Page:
[16]      Similarly, Recommendations 36 and 37 retain the power of the Governor to deal in Crown Lands.  We know what that has meant in the past when there have been weak Governors and Attorneys-General.  The Governor has allowed ministers of government secretly to misuse Crown Lands for their own and their families' profit.  The proper reform is to have the Constitution require any dealing in Crown Land to be approved by the House of Assembly.  Let the government answer to the public for any proposed dealing in Crown Land.  This is not a proper province for either the mandarins in Whitehall or for the Governor in Government House.  We need the disinfecting influences of openness, transparency and fresh air.  We do not need to maintain a system that has shown itself to be a failure in the past.
[17]      There are many other Recommendations in this Report that we can all appreciate and approve of, particularly the provisions for Watchdog Institutions.  One complaint would be that they are not complete and others are missing.  For example, the Constitution makes no provision for a Tenders Board, with security of tenure and guarantees for its independence.  Similarly, the Constitution makes no provision for a Public Accounts Committee.  For democratic principles to begin to flourish in what has clearly become a failed kleptomanic state, institutions such as these are essential.  No dictatorship by a foreign Governor can be an acceptable substitute for the nurturing and encouragement of local democratic institutions.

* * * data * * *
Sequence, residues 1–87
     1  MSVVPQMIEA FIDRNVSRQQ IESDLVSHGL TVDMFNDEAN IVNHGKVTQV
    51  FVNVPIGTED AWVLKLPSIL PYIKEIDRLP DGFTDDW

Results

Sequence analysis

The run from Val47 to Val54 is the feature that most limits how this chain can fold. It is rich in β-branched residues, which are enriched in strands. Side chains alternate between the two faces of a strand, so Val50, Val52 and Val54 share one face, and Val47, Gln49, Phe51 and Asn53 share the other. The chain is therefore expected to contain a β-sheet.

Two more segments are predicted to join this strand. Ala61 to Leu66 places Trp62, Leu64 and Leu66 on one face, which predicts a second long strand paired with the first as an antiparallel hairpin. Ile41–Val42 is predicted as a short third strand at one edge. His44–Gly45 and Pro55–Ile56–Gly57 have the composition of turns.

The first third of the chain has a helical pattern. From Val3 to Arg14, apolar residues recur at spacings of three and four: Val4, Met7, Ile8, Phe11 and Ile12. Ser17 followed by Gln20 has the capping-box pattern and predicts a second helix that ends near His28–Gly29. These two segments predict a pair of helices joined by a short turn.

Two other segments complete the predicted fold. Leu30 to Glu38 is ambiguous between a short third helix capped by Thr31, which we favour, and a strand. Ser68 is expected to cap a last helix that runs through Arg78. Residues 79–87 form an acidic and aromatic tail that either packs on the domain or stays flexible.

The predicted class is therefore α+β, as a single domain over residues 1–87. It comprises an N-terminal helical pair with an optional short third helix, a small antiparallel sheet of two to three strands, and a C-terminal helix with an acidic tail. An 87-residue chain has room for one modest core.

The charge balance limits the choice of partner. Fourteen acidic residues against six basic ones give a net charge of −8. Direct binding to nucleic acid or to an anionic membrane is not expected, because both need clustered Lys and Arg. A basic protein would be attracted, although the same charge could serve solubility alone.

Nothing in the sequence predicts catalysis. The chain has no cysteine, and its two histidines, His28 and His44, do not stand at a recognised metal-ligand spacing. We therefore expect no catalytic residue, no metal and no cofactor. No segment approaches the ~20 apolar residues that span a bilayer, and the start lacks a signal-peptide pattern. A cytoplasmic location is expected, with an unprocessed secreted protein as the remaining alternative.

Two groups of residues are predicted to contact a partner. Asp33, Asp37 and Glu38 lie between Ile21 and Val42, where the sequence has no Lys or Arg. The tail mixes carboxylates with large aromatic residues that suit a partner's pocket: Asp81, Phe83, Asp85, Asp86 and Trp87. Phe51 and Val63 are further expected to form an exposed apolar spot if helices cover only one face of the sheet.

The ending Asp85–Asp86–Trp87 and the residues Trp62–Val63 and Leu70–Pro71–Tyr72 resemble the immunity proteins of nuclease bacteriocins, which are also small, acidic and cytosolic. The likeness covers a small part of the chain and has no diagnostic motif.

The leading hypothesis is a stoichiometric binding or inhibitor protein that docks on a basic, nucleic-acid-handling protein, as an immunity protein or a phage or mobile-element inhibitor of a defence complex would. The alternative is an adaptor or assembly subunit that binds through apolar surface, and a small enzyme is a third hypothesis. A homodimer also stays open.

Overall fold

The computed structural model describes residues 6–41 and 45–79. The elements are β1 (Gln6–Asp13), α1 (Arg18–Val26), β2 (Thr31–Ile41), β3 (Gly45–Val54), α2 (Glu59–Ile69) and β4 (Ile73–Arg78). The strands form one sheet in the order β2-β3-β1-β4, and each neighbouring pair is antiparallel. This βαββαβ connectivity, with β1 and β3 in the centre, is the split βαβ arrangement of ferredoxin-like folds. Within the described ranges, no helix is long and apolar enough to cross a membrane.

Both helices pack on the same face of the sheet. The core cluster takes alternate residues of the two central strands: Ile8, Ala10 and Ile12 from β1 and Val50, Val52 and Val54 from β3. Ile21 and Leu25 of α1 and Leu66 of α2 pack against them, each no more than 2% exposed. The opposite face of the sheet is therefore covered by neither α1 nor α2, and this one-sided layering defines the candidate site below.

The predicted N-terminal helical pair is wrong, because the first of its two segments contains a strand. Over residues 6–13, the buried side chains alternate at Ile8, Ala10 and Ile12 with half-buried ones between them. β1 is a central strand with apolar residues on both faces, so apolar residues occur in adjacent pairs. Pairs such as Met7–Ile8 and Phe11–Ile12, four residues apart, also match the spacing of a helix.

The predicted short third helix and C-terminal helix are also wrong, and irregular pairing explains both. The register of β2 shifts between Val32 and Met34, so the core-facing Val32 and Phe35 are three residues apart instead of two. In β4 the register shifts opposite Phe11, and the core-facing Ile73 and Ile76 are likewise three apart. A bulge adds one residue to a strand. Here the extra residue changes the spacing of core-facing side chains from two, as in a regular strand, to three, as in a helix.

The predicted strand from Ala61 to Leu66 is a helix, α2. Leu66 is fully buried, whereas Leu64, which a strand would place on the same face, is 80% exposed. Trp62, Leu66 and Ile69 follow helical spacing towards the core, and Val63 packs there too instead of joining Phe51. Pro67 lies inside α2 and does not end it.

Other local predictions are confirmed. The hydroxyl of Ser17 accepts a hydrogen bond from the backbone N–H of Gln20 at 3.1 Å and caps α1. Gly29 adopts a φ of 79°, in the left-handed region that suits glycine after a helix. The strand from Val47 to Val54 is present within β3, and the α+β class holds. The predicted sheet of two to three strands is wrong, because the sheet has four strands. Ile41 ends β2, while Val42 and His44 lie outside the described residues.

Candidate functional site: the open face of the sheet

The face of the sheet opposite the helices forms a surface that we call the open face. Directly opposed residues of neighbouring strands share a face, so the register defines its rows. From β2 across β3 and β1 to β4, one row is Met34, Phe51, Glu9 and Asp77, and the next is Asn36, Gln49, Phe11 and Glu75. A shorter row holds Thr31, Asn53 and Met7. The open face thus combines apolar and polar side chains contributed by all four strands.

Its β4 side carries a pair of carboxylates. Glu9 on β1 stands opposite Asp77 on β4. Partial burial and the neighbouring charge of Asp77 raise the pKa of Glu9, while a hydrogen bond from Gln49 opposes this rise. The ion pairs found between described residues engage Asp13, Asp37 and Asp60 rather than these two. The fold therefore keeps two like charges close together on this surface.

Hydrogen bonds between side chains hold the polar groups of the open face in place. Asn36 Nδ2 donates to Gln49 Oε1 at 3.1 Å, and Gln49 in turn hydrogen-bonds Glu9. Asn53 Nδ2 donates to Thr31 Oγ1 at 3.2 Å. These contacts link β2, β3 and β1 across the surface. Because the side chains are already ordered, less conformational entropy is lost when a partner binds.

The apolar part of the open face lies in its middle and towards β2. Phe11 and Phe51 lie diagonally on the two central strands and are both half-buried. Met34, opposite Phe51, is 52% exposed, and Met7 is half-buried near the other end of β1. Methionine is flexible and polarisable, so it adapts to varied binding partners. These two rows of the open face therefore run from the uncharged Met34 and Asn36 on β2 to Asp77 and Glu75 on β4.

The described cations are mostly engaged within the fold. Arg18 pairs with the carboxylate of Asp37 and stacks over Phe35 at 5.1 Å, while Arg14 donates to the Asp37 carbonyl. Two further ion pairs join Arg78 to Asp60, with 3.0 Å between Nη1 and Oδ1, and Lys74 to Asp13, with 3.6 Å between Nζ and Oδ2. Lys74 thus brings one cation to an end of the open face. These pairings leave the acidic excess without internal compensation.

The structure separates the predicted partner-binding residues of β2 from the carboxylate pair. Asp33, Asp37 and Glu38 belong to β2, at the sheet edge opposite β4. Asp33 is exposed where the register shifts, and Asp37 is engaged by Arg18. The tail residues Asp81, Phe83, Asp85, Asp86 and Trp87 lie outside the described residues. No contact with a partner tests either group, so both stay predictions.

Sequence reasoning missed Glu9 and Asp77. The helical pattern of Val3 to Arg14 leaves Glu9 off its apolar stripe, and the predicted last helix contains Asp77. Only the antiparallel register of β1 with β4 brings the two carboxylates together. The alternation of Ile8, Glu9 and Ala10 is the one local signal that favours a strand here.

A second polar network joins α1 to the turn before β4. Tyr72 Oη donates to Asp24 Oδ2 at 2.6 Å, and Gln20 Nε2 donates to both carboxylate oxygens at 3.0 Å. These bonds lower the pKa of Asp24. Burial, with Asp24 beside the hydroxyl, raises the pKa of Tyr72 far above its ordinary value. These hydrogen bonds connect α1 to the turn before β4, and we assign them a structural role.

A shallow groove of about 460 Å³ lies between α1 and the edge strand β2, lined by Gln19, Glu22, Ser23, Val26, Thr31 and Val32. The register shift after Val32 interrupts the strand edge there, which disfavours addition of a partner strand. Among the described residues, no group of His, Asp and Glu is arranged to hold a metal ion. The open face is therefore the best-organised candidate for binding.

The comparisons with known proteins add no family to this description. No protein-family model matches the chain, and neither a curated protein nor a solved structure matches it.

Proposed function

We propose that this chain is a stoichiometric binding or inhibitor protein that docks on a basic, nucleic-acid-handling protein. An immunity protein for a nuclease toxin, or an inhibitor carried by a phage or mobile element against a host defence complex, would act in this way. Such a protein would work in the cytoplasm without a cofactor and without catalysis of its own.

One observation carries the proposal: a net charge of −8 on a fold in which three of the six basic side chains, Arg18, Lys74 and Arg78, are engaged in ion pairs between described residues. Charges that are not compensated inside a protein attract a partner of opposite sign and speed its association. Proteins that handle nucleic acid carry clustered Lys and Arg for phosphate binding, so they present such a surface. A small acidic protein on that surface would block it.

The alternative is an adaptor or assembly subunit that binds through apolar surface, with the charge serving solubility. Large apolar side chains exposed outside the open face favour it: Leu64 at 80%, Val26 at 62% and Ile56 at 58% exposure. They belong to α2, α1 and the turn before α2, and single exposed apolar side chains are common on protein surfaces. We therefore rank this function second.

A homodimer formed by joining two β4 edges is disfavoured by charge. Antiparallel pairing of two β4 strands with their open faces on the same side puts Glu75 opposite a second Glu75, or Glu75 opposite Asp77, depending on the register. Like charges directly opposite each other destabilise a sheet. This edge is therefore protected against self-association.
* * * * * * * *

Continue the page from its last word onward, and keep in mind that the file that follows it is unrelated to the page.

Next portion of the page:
[18]      There are several other recommendations that one might legitimately have strong views on.  There are other obvious and timely recommendations that could and should have been made but that are missing.  We in the Overseas Territories need to act swiftly to discuss them on a variety of forums.  Our concern should be transparent and obvious.  It is that if these recommendations are permitted to find their way into the TCI Constitution, it will not be long before there is pressure for them to be introduced into ours, for consistency and administrative convenience.  However, this paper is long enough for all but the very patient to be able to read, and I propose to stop writing here.

2 August 2010